No Linking or Monopoly

The heart of the case was the two charges brought under the Sherman Antitrust Act. The plaintiffs first argued that ABIM had unlawfully linked the purchase of the MOC program to their initial board certification. ABIM countered that initial certification and MOC are not separate products; internists buy ABIM certification for a limited period of time and then they have the option to renew it.

Judge Kelly agreed. "Internists are not buying 'initial certification' or 'maintenance of certification,' but rather ABIM certification," he said. "This is made clear by hospitals and other medical service providers requiring ABIM certification, in general."

He also rejected the argument that ABIM had prevented the National Board of Physicians and Surgeons from gaining traction in the MOC market by refusing to accept its cheaper board recertification. "It would entirely alter the nature of the [ABIM] certification if outside vendors could re-certify internists and potentially disrupt the trust hospitals, patients, and insurance companies place on the ABIM certification," the judge said.

Finally, the court said plaintiffs had been unable to establish any anticompetitive conduct to support a claim of monopolization under the Sherman Act. "As we described above, ABIM's MOC product is not a separate market, but rather a part of its offering in the overall certification market. ABIM cannot have a monopoly in a market that does not exist."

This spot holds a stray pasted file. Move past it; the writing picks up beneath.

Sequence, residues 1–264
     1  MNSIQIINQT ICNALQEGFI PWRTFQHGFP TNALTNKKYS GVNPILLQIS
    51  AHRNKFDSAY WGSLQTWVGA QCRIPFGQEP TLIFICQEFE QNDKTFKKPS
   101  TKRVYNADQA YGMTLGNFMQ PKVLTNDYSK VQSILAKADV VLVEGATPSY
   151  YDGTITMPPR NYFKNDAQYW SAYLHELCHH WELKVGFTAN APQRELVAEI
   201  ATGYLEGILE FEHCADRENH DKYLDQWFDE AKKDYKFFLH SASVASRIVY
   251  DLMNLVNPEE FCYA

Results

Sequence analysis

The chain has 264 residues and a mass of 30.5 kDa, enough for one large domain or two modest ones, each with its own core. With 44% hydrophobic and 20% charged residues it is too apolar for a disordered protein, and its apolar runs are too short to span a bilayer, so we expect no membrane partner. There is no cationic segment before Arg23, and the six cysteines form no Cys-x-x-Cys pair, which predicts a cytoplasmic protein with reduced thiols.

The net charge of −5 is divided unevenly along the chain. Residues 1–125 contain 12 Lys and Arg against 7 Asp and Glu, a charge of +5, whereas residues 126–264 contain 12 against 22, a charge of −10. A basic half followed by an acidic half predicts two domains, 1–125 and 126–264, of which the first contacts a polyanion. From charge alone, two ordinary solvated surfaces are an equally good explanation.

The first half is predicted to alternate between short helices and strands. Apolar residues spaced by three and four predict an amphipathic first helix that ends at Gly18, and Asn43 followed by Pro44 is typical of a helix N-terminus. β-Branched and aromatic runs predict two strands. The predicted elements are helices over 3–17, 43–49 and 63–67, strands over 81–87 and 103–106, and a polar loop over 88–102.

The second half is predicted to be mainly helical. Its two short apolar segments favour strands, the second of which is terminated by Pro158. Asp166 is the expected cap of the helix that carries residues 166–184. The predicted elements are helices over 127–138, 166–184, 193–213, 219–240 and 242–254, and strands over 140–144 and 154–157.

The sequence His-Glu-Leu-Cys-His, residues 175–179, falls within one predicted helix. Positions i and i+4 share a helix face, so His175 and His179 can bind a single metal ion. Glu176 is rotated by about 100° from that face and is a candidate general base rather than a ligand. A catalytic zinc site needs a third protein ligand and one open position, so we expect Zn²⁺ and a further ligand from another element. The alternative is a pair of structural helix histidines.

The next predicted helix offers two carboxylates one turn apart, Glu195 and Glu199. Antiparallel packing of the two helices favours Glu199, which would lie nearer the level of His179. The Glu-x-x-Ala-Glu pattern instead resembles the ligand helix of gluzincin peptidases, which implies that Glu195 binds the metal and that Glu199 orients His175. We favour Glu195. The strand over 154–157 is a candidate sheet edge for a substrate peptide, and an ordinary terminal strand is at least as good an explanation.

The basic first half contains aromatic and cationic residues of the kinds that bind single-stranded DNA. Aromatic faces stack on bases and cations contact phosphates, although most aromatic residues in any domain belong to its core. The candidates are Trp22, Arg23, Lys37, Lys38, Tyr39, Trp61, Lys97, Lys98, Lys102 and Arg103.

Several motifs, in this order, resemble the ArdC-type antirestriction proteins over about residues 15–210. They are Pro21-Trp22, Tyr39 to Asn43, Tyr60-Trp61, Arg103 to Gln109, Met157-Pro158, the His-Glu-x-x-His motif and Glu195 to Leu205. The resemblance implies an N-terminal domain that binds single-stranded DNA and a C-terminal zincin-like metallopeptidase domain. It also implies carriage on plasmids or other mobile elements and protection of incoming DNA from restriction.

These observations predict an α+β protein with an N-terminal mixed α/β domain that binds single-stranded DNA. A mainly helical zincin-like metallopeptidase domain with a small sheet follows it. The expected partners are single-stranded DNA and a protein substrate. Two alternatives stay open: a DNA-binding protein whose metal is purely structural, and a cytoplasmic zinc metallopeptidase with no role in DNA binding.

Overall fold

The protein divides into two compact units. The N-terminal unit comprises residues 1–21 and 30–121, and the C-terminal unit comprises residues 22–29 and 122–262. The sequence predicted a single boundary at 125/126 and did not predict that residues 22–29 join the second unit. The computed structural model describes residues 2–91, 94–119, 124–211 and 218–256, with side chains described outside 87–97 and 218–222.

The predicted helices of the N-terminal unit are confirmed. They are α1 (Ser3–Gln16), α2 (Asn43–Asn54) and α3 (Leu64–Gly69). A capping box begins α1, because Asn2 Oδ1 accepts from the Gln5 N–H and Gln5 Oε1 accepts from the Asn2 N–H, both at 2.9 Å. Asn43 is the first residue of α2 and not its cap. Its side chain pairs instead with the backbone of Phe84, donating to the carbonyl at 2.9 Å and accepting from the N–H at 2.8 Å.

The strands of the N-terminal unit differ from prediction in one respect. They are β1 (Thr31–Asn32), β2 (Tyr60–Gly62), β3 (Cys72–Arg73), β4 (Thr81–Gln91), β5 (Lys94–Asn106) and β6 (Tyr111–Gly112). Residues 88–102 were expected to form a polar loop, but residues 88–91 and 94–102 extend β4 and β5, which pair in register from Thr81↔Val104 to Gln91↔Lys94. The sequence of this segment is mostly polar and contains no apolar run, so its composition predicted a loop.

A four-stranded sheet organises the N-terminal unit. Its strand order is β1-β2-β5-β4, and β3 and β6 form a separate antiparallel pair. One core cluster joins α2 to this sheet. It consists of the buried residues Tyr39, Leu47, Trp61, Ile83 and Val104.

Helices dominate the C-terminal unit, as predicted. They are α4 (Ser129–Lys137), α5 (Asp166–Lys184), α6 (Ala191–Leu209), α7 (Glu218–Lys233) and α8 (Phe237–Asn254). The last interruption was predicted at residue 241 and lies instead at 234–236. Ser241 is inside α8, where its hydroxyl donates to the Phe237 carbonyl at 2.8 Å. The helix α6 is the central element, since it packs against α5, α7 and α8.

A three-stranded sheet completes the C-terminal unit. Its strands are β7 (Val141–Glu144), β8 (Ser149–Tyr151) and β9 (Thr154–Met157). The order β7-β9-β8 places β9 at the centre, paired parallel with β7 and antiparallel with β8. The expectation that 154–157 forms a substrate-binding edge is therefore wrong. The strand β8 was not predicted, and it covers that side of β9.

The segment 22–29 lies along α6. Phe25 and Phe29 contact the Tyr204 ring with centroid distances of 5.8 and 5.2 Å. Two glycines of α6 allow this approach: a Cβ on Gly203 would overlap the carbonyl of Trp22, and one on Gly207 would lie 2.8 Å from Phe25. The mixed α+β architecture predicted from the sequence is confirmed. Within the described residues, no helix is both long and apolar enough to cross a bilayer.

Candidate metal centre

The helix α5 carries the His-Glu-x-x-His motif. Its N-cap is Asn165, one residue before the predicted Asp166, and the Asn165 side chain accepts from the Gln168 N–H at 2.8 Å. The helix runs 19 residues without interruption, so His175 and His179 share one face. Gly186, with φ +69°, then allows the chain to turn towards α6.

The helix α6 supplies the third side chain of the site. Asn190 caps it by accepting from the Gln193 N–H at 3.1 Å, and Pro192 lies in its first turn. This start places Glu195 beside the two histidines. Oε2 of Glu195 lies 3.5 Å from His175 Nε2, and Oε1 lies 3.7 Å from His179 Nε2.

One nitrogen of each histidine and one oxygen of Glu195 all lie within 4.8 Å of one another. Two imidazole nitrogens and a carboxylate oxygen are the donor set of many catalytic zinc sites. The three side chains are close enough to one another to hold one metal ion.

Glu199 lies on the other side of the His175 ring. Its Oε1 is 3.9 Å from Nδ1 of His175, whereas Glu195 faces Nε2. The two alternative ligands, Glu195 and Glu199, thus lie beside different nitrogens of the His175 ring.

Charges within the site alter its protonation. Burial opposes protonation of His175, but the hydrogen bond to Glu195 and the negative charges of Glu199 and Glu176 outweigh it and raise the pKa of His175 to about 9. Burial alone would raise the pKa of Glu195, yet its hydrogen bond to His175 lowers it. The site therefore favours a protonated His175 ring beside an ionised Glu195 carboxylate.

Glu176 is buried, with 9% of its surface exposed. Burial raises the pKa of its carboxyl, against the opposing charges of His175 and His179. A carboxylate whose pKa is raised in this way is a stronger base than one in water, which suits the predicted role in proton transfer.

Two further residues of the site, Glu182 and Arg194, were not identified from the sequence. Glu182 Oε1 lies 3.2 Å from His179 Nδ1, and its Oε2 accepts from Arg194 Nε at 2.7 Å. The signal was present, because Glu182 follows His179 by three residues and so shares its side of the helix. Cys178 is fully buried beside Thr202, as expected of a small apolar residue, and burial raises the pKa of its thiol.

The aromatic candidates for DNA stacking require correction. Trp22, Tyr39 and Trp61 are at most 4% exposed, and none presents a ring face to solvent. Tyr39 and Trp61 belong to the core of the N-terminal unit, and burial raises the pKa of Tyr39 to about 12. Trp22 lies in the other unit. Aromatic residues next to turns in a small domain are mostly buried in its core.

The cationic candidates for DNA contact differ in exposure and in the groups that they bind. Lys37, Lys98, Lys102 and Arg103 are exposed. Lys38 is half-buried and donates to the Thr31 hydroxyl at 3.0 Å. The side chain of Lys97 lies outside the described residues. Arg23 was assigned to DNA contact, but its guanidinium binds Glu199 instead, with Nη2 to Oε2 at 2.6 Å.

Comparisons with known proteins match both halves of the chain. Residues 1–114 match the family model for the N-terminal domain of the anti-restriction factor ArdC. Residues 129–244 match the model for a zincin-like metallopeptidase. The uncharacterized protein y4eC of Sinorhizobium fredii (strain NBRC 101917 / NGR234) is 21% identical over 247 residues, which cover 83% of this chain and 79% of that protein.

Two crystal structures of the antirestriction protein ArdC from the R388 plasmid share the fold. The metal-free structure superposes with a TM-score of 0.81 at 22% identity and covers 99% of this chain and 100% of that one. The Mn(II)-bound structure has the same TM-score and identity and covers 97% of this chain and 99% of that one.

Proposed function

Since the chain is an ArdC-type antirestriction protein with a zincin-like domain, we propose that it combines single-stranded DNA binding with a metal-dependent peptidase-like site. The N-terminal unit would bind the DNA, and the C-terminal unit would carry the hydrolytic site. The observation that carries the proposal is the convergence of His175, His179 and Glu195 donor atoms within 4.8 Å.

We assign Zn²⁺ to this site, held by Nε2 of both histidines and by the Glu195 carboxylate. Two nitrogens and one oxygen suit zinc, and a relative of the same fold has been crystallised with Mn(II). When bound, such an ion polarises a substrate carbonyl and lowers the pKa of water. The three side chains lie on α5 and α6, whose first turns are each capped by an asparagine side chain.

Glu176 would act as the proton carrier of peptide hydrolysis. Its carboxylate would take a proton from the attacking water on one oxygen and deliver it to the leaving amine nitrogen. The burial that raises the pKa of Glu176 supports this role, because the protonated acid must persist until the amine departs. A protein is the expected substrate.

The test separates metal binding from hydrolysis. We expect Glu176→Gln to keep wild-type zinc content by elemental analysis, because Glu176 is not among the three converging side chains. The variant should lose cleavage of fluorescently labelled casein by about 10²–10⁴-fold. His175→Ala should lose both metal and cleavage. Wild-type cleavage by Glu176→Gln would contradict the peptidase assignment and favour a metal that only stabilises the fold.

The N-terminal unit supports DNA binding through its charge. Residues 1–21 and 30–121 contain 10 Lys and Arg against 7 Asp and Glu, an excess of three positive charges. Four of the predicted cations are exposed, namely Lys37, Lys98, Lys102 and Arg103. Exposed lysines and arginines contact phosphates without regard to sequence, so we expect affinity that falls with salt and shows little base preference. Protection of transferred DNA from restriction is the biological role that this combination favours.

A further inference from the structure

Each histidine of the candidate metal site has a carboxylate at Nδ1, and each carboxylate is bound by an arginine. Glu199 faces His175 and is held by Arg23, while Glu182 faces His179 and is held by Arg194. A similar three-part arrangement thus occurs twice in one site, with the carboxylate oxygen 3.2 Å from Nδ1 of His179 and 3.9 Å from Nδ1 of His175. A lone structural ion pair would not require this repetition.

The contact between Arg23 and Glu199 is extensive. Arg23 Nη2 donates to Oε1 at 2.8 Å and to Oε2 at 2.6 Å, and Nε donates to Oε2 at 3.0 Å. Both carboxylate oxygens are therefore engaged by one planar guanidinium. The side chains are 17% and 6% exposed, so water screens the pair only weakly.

Ruling Should Lay Objections to Rest, ABIM Says

In a statement, ABIM President and CEO Richard Baron, MD, said, "ABIM is pleased that the [court] dismissed in its entirety a lawsuit that alleged physicians were harmed by the requirements for maintaining ABIM board certification."

Baron told Medscape Medical News that he believes the court ruling lays to rest the objection of some internists that they're being forced to pay fees for MOC.

As for those physicians who say they'd rather take CME courses of their choice, Baron pointed out, "ABIM has developed a collaboration with ACCME to enable physicians to choose what activities work best for them and simultaneously earn both CME credit and MOC points."

From 2015, when this partnership began, nearly 160,000 ABIM diplomates have earned more than 14 million points toward their MOC while simultaneously obtaining CME credits, he said.

Still, many internists don't like the idea that their careers could be terminated if they don't get recertified. "ABIM supports voluntary certification," Baron responded. "[American Board of Medical Specialties (ABMS)] policy, with which we agree, is that board certification by any ABMS board shouldn't be the sole criterion for staff privileges.

"ABIM has no control over how others, including hospitals and health systems, use our credential; our responsibility is to put out a credential that means something and has real standards behind it," he added. "We are proud that it is viewed as providing information to the profession and the public that a physician is staying current in medical knowledge and practice."